Many of the software industry leaders they might think of inviting
    have been fighting software patent reform for many years.  In a
    sense, Amazon is picking a fight with Priceline, IBM, and many
    others.  I applaud them if they are doing so.
If done right -- and it could take 2 years or more -- we'll end up with
a patent system that produces fewer patents (fewer people will bother to
apply for 3 or 5 year patents, and fewer patents means less work for the
overworked Patent and Trademark Office), fewer bad patents (because of the
pre-issuance comment period), and even the good patents won't last longer
than is necessary to give the innovator a reasonable return (at Internet
speed, you don't need 17 years).

    GREG comment:  That would be nice.  But way too optimistic.  Look in
    1994, the PTO had hearings on software patent issues, and all of the
    complaints being made today about Amazon and others, and all of the
    solutions proposed by Amazon and others, were discussed at these
    hearings six years ago in 1994.  And NOTHING has happened since then
    to affect the quality of issued software patents.  The PTO has made
    no progress, the software industry has made no progress, the patent
    patent has made no progress.  Six years, and nothing.  I think Jeff
    is being optimistic here.

Bottom line: fewer patents, of higher average quality, with shorter
lifetimes. Fewer, better, shorter. A short name might be "fast patents."
Many have noted, and I too would like to point out, that given the laws they
operate under and the resources at their disposal, the Patent Office and
examiners are doing a good job and it's unfair to criticize them.

    GREG comment: Yes, it is unfair to criticize PTO examiners, but it
    isn't unfair to criticize PTO management, which while admittedly has
    its constraints it must work under, where it does have the ability to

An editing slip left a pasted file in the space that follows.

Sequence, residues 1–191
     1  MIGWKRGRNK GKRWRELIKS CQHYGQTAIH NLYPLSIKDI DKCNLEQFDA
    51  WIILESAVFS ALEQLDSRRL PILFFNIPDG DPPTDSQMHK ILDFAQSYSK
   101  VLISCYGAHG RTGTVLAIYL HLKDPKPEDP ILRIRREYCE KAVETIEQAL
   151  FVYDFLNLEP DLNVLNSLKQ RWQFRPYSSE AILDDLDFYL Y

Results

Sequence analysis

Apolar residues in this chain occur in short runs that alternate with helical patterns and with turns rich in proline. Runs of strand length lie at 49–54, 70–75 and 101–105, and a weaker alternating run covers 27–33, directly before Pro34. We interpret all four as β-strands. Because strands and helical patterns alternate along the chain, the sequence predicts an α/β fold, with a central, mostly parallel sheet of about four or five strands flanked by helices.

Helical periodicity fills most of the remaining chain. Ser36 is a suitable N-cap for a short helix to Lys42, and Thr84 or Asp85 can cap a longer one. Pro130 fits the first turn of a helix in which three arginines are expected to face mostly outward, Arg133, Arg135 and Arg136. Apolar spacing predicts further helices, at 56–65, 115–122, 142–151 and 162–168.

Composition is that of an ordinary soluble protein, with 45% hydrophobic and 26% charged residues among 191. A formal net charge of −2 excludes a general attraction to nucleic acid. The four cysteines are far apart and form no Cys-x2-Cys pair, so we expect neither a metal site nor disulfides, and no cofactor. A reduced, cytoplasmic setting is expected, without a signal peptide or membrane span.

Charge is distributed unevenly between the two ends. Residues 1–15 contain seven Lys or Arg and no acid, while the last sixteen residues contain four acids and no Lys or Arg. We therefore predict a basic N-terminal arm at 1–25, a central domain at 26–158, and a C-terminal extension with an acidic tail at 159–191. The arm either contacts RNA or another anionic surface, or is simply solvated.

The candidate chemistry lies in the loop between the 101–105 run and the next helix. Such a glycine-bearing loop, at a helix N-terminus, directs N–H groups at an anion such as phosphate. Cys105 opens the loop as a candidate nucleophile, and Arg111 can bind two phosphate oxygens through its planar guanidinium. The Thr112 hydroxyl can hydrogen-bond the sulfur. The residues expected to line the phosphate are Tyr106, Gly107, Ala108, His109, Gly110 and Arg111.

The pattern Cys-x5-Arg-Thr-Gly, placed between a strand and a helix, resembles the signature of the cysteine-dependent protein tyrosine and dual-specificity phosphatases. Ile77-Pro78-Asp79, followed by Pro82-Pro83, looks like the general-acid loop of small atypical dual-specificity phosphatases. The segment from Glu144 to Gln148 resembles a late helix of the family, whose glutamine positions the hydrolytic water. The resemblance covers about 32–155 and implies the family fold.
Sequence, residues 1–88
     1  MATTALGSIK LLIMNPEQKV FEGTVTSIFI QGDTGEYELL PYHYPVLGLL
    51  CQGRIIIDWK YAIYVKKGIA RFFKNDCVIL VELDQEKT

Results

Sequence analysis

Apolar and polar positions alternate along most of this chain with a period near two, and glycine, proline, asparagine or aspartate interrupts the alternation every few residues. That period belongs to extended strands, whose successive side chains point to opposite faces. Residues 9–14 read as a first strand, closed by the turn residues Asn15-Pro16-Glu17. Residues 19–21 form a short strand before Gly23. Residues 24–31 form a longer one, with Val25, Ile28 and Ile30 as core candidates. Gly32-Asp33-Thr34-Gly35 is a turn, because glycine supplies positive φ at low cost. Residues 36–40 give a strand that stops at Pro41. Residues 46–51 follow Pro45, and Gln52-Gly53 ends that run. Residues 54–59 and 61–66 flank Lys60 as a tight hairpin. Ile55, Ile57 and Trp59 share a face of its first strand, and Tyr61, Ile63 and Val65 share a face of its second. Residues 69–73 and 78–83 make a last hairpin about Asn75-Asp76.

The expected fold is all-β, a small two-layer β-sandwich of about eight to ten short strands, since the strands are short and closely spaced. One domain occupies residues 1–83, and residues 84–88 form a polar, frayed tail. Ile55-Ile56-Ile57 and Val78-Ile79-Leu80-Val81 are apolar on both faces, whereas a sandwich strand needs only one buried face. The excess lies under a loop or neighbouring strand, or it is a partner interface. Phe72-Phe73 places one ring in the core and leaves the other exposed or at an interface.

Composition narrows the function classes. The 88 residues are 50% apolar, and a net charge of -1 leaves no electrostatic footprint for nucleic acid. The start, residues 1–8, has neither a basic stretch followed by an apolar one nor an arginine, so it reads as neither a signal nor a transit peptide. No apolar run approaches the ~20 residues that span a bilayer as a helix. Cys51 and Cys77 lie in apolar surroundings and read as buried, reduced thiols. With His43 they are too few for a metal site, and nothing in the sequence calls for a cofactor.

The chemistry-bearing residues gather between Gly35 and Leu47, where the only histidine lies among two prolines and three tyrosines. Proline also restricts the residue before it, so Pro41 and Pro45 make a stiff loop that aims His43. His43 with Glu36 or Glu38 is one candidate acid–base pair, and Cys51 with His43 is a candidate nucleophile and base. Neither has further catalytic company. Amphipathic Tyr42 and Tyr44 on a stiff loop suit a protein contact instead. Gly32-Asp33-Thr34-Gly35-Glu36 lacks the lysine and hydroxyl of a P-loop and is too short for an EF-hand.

act, it has in too many cases waste opportunities and resources.
    The PTO supported the fraudulent Software Patent Institute (partly
    at industry's behest), and wastes too much money on its automation
    efforts - money that could be used to help the examiners.
On a related issue, to further try to help with the prior art problem,
I've also agreed to help fund a prior art database. This was Tim's idea,
and I'm grateful for it. Tim is poking around to find the right people
to run with that project.

    GREG comment: The expression of my fantasy.  But that's what it will
    probably remain as.  For the last fifteen years, I have been slowly
    building such a database, and not gotten an ounce of support.  In the
    1980's, such a database was more directed towards software reuse
    (a conceptually equivalent problem to that of patent obviousness,
    which neither community has ever recognized) which the government
    was spending hundreds of millions of dollars (led by the DOD) to
    study and develop.  Yet much like the Software Patent Institute,
    those in industry working with the government (and spending tax
    dollars) deliberately made sure nothing would happen, because any
    progress would affect them adversely (for example, the DoD was
    trying to save contracting dollars through software reuse, 
    something DoD contractors hated, so in its stupidity, the DoD
    gaves it software reuse R&D monies to none other than, well, the
    very same DoD contractors that didn't want reuse.

    Ironically, one of the DoD contractors involved with this waste
    was the government division of one of the companies fighting software
    patent reform, IBM.  I have been butting heads with these guys
    for over ten years.  And will continue to do so - there is some
    really strong subconscious force acting that has prevented this
    country from archiving its information processing resources from 
    the last fourty years.

    Besides, one of the best solutions part of this prior art database
    would provide, if offered to the PTO as a gift, would be destroyed
    by the PTO under their current policies (that's a future PATNEWS).

On an important meta-level, one thing to note is that this episode is
a fascinating example of the new world, where companies can have
conversations with their customers, and customers can have conversations
with their companies. I've been saying for 4 years now that, online, the
balance of power shifts away from the merchant and toward the customer.
Jeff Bezos

----- End forwarded message -----

Karsten M. Self (
    What part of "Gestalt" don't you understand?